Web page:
And the countdown begins…only 12 more days of classes! That being said, in all the hustle and bustle of being abroad, I have begun to appreciate my daily Roman experiences so much more. Thus, this blog entry to devoted to this past Monday’s activities. To me, the day as a student, tourist, and semi-permanent resident is perfectly mundane, but not so much anymore. It is interesting how in the beginning, I wanted so badly to settle into a routine because everything was unfamiliar, but now that I have, I desperately want to view my life with fresh eyes so that I may appreciate its uniqueness once again.
Since I only have two classes on Mondays (Italian 1 at 1 PM and Sociology at 6:20 PM), I woke up early this morning to do some grocery shopping at Carrefour. I know I should go to the Mercato Trionfale since that would be a more “Roman” experience, but I always forget to carry cash with me…haphazard of growing up in a plastic world, I guess. Mondays are bed sheet and towel changing days, so the maid was in the room by the time I came back to the residence. She speaks English wonderfully and I always wonder why she is not employed by a hotel or travel agency. In Italian class, we learned about families so Professor Parisi helped facilitate a discussion in which all seven of us asked and answered questions about our respective families. It was nice to actually speak in Italian for the majority of the class, though there were many hilarious linguistic mistakes. During my four-hour break between Italian and Sociology, I wanted to complete my Digital Imaging assignment (self-portraits), but because it had started raining, I got creative indoors. At first, I was nervous about doing self-portraits since I had never experimented with this method before, but what is learning, if not a limit-challenging adventure? I basically set my camera on timer around various parts of school and danced in front of the lens. It was actually a lot of fun and I think I got some great pictures. What do you think?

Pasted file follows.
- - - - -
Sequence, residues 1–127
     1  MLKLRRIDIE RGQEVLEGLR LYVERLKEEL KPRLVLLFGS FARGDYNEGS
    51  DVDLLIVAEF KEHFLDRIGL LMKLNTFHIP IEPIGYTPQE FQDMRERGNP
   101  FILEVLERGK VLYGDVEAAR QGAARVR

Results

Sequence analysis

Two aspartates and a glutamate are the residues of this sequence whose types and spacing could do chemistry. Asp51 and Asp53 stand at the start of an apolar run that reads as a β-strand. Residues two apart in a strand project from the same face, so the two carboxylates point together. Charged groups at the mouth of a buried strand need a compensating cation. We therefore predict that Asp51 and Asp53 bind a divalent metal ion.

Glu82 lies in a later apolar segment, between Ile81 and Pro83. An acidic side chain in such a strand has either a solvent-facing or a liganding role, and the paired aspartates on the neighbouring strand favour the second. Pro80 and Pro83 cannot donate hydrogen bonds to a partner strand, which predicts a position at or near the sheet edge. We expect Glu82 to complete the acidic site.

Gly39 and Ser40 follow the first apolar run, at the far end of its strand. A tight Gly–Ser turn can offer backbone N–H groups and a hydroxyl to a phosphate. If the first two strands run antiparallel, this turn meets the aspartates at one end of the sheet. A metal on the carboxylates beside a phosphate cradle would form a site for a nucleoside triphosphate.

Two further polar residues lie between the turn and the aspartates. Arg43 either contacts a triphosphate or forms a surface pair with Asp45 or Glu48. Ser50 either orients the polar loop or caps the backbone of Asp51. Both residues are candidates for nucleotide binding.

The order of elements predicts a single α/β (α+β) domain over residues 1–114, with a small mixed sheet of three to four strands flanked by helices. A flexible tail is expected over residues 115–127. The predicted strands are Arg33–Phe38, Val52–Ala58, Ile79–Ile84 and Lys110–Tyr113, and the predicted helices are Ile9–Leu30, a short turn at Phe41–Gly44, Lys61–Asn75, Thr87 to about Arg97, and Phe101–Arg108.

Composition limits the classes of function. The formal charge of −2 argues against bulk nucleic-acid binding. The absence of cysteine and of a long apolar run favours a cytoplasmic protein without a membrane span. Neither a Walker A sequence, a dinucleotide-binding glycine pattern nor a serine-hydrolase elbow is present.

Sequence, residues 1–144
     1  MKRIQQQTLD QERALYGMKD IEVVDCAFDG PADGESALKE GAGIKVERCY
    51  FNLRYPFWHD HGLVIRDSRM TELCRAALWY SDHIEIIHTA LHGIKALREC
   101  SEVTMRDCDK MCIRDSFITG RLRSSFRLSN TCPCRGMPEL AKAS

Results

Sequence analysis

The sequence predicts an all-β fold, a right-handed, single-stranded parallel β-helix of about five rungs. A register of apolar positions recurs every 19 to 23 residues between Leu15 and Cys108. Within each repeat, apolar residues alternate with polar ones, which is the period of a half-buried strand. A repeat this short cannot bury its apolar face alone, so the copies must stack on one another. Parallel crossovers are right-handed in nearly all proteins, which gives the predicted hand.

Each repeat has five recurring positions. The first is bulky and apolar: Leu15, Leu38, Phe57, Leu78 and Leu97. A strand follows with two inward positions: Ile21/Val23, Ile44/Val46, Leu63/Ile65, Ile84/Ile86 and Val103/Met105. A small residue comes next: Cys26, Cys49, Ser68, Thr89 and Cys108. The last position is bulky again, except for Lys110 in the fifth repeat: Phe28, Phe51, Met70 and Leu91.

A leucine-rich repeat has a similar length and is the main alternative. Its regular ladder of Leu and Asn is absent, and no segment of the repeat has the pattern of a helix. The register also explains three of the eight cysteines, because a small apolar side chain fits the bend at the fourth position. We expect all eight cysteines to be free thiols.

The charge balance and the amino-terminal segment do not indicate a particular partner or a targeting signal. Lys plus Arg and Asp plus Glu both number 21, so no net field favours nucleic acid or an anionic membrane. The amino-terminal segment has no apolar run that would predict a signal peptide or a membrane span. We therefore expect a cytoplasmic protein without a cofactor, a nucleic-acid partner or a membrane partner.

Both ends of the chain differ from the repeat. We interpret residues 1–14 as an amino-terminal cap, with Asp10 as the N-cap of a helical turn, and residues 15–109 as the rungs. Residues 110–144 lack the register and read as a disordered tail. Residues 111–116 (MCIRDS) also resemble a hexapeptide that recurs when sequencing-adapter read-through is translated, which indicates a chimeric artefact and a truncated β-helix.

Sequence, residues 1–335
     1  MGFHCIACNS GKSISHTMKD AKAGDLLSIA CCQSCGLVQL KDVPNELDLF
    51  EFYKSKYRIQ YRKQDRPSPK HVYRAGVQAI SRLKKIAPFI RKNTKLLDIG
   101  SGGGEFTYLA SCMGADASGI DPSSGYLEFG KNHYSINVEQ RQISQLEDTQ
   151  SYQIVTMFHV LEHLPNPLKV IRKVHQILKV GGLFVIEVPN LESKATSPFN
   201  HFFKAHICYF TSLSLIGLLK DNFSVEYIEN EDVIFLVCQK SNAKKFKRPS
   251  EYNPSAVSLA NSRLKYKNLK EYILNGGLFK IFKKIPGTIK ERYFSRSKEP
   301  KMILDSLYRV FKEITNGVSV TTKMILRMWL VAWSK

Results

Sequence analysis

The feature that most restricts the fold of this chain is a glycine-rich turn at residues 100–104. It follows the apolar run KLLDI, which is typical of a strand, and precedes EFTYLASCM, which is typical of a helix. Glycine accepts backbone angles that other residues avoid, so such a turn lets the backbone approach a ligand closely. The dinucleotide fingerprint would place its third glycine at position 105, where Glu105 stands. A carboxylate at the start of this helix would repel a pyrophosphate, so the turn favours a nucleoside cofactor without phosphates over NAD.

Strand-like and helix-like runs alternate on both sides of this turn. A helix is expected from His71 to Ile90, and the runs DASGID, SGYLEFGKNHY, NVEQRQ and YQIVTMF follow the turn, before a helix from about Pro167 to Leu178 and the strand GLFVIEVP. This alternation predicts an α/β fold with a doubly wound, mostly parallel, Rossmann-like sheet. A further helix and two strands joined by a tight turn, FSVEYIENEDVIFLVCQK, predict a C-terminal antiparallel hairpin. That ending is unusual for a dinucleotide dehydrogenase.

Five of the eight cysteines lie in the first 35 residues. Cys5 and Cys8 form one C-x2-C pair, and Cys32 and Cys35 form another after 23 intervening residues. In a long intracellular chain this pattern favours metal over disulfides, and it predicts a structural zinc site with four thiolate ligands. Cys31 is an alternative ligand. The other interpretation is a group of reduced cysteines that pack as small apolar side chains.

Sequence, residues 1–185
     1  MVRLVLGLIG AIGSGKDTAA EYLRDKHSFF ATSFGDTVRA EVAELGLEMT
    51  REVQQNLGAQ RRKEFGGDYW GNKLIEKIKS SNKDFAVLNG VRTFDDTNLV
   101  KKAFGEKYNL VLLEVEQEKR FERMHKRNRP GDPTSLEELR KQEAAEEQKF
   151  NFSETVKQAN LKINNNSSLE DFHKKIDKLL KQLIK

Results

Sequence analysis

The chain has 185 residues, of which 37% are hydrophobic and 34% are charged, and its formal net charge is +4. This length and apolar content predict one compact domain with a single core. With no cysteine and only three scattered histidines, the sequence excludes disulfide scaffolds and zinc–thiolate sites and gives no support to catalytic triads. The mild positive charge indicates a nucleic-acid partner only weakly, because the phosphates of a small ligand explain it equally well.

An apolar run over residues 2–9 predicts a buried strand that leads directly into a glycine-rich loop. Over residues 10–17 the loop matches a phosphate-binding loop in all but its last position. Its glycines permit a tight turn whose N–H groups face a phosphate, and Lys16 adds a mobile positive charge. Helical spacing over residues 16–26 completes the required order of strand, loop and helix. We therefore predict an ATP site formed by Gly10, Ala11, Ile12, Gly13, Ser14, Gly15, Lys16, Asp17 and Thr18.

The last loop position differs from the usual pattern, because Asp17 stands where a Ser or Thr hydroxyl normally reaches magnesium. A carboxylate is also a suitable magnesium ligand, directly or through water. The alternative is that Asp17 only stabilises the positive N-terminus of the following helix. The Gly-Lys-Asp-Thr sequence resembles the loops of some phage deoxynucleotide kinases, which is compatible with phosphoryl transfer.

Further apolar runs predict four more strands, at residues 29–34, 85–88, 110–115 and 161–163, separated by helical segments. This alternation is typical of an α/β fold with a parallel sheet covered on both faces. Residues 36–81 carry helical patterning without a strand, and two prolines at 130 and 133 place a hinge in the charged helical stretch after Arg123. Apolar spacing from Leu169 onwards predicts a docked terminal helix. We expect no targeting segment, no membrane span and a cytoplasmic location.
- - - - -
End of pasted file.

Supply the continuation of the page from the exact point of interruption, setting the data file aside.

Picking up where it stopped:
Sociology class is at a weird time so I am always hungry afterward, but the discussions that take place during are so interesting they keep my mind off my stomach until the end at 7:50 PM. This week, we are analyzing good versus bad mafia. Figo, no? After class, I hop on the 490 bus back to the residence, where I attempt to cook. Having grown up in a Chinese household, I only recognize Chinese vegetables and know them by Chinese names. Thus, throughout the semester, I have done a lot of cooking experimentation as I try to ascertain which vegetables taste good cooked. So far, nothing too calamitous has befallen my palette. After dinner, I start my homework for Professor Krizek’s design class that is due the next day. The assignment is to rank, from most to least important, and explain what characteristics of the design process are most important to a consumer. As I analyze cost, function, aesthetics, customer service, sustainability, communication, and manufacturing, I realize how much thought must be put into each product, and that makes me appreciate how every little detail in an object has a purpose. The epiphany is startling; I know from now on, I will be a much smarter consumer because of this design class. By the time I finish the formula, my attention is waning as the night becomes filled with roommate banter.